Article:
On February 5th, Thor, a project focused on payments, retirement planning, and healthcare access for contract labor, announced changes to its personnel and roadmap. CEO David Chin made the announcement on the Thor blog, stating the team is “making changes as we transition into bringing on revenue and customers.”
In the statement, Chin says Thor has been forced to lay off 50% of its staff and cites a need to “correct cash flow.” In order to achieve this, Chin claims the team has been focusing on acquiring new banking partners, institutional investors, and customers. Three agreements representing 8,500 contractors are said to have been signed by Thor and that it has a pipeline of $1.8 million in recurring revenue “that we will be closing in sales deals over the next year.”
Chin claims in the release that “If Thor had only built blockchain solutions, we would be in the same boat as many ICO’s with no adoption nor customers” and that “our token holders have been our number one priority from day one.” Chin further states that by this time next year Thor “plans to be in the top 10 of CoinMarketCap by introducing innovative ways to have contractors use the Thor Token.”
The announcement was not without fallout. Former chief designer, Matt Lawler, posted a series of videos criticizing the team. Lawler, who was laid off as part of the cuts, said he found the move “suprising because I always thought of myself as a co-founder.”
Lawler goes on to say that: “What Matt and Dave told me yesterday afternoon is that they intend to pursue a SaaS model business, which frankly means that’s an intention to abandon crypto and abandon the THOR token so that they can go sell a business payments platform to businesses, while not having made any progress on giving benefits to contractors. I don’t know what they have up their sleeves over there, but last I heard yesterday, there was no utility in the making for THOR.”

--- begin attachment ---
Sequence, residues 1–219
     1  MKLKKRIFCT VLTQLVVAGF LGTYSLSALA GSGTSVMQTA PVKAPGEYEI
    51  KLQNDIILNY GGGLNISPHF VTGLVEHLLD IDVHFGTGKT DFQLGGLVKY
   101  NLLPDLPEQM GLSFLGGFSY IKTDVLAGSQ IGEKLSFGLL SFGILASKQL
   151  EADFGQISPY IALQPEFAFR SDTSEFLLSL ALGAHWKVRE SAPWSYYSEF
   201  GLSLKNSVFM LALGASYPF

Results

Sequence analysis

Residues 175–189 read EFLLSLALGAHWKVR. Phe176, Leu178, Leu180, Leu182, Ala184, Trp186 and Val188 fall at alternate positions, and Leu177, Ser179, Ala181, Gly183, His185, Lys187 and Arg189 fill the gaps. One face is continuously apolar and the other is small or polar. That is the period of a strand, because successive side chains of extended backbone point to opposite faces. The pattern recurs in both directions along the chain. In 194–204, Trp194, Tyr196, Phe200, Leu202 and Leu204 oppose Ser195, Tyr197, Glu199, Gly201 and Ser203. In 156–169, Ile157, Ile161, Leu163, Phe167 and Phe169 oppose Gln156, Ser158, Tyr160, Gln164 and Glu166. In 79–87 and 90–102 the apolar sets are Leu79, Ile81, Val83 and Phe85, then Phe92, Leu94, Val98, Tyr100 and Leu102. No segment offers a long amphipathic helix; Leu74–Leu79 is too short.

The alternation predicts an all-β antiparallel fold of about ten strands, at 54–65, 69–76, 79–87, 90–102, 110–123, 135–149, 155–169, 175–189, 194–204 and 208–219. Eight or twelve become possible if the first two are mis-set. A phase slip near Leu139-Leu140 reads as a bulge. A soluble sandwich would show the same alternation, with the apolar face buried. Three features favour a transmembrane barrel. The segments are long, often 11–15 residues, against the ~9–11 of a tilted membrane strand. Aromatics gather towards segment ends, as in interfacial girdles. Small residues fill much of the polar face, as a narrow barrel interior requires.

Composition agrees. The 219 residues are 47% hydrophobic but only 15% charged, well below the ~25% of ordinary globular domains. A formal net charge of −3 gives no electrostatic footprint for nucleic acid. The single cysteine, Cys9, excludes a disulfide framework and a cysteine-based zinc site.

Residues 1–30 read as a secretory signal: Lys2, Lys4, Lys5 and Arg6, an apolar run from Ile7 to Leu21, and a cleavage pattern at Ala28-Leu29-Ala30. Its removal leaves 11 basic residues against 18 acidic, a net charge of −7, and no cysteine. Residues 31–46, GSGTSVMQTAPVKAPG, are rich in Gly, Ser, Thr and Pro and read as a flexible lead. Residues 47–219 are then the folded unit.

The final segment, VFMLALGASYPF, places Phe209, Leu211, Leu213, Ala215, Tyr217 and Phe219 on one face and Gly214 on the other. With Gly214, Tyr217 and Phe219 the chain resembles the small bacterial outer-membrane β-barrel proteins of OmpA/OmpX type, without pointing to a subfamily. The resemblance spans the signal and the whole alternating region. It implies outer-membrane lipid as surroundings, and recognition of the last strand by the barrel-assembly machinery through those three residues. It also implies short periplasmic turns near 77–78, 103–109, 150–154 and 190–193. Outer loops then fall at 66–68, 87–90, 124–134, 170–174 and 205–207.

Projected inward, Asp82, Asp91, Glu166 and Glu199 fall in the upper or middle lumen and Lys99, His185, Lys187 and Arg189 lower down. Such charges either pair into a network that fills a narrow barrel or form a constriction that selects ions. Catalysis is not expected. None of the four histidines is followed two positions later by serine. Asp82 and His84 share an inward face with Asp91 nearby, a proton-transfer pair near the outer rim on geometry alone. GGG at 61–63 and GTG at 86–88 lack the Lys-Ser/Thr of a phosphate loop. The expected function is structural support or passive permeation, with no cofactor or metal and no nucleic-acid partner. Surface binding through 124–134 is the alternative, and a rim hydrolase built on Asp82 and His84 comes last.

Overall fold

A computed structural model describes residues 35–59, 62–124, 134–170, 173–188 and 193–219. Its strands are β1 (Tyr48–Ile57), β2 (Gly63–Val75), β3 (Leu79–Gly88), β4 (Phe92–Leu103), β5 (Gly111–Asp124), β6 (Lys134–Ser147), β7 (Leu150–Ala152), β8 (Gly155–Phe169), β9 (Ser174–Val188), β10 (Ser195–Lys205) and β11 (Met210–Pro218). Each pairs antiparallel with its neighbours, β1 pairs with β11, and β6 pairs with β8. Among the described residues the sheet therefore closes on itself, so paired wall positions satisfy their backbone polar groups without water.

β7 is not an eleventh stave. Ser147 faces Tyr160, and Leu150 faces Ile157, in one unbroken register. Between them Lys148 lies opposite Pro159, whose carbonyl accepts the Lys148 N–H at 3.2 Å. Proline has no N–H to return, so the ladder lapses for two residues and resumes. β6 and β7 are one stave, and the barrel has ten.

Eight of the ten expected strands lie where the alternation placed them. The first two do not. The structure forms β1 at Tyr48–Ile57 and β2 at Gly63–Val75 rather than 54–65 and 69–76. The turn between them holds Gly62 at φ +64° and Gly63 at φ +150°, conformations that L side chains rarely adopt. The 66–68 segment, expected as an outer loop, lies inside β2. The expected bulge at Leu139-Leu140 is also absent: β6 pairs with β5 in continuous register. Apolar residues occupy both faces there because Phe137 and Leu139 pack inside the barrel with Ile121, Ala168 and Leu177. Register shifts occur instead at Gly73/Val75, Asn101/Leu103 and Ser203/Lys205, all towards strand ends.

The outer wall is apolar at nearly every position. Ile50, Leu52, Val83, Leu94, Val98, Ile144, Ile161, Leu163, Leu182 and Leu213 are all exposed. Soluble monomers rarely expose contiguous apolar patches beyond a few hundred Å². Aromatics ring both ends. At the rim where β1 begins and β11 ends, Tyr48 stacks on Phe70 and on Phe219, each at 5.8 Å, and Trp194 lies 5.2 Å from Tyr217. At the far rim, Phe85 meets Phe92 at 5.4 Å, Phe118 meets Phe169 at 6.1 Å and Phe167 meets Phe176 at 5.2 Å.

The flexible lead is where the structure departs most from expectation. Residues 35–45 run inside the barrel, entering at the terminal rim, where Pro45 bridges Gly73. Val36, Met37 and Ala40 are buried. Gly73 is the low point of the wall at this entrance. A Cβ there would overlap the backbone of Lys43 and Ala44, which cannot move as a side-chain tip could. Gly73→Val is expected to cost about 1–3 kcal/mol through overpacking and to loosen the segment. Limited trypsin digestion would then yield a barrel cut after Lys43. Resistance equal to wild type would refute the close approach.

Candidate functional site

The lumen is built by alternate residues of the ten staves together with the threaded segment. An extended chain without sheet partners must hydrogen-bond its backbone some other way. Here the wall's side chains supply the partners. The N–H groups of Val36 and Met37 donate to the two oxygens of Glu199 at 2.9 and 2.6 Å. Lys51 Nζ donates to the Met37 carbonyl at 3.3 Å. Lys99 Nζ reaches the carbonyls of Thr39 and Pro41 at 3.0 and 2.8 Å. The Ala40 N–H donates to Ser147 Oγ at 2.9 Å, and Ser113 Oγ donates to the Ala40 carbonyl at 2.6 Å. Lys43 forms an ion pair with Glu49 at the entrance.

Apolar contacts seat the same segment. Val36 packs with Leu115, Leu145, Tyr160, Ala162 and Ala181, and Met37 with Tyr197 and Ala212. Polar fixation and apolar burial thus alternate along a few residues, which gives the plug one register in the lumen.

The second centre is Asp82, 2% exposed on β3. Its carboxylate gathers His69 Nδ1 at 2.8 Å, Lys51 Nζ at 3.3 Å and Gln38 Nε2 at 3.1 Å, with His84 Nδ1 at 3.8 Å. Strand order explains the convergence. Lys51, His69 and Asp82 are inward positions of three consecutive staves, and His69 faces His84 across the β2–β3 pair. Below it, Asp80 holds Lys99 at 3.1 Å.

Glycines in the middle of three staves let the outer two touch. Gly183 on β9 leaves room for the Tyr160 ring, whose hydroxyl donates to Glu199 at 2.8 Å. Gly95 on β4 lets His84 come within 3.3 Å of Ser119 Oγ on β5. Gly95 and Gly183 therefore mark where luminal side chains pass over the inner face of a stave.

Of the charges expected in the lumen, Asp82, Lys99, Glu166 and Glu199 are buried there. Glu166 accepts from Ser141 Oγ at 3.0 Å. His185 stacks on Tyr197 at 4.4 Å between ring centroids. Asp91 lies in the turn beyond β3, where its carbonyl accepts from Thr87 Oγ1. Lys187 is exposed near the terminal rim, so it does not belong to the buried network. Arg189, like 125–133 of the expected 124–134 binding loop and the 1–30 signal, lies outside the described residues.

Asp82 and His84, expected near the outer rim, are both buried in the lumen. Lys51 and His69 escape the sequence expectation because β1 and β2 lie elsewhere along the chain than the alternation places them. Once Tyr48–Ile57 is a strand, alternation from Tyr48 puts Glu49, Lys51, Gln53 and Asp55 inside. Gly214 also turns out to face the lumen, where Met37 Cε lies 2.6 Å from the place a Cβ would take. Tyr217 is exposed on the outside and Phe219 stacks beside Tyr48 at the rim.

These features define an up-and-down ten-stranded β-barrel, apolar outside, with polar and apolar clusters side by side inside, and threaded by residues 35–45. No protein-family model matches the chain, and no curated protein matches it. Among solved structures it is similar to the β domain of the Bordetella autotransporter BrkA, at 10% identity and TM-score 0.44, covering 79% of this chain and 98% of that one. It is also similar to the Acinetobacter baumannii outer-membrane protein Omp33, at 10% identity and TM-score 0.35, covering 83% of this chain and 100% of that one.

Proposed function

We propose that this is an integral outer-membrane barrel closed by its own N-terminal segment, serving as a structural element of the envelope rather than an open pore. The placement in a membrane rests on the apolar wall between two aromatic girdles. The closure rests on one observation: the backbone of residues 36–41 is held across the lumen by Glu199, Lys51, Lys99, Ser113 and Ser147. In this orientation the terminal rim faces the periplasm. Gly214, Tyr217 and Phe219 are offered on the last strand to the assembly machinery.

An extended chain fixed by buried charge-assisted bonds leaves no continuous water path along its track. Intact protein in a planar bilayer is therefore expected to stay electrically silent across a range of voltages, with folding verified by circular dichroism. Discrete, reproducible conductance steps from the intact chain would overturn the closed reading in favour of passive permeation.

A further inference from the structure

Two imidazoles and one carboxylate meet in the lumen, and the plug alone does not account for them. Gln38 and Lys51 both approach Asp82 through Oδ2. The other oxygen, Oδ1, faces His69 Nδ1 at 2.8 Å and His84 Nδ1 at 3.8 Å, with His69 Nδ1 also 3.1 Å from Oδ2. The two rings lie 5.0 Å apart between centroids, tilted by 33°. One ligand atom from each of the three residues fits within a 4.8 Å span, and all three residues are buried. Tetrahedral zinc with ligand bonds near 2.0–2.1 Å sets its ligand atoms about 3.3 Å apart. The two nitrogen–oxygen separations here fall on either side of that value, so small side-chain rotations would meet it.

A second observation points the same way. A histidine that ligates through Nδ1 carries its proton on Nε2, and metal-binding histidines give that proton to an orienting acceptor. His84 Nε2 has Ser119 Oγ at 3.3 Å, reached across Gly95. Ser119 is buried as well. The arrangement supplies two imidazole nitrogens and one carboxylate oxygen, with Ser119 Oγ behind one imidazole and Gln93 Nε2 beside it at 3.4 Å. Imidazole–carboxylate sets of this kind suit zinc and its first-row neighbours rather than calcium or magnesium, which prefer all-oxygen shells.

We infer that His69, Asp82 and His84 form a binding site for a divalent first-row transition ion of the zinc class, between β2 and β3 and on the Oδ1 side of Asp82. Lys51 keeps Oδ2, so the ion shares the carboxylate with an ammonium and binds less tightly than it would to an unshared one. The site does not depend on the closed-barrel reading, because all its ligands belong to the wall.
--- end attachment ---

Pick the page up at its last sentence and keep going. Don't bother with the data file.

Director of legal and business development for Thor, Ben Lambert, responded to Lawler’s comments on the Thor Telegram channel stating: “There are fundamental differences between how we envision driving token value and what Matthew believes is the best path forward. For us, we value long-term growth and sustainability. For Matthew, he would like to utilize the THOR token immediately without weighing the legal/regulatory impact. For obvious reasons, I do not agree. We have never been a company that takes regulatory short cuts and we won’t start now to satisfy the wants of one team member.”
On Thursday night, Aphelion Exchange, the only platform to trade the THOR token announced that it would be delisted.
In light of the recent news from THOR, Aphelion DEX has delisted the token, effective immediately. Users can cancel any open orders at their convenience.
— Aphelion (@Apheliontoken) February 6, 2019
In the Aphelion Telegram group, CEO Ian Holtz cited the video from Lawler and stated: “Our understanding is that they have abandoned the token, if that changes so can their listing status.”
Thor, however, maintains that it has not abandoned its token and rejects the claims made by Lawler, posting on Twitter: “Thor has many plans to use the token. No reason to follow defamations by former employees as truth.”
Thor recently released an updated 2019 roadmap with a focus on “building out Odin’s capabilities” – a payments system is designed to manage payments, including instant payments and incentive payments, to a workforce of “1099” contract laborers, and “bringing ThorCare to market” – a type of group-plan healthcare that Thor claims is not currently available to contractors.
Thor also recently announced three new advisory board members: Steve Skodak, CEO of the Painting Contractors Association (PDCA), Chris Shapouri, president of Mobile Charging Lockers, and Luke Diaz, the director of strategic partnerships at Alto Pharmacy.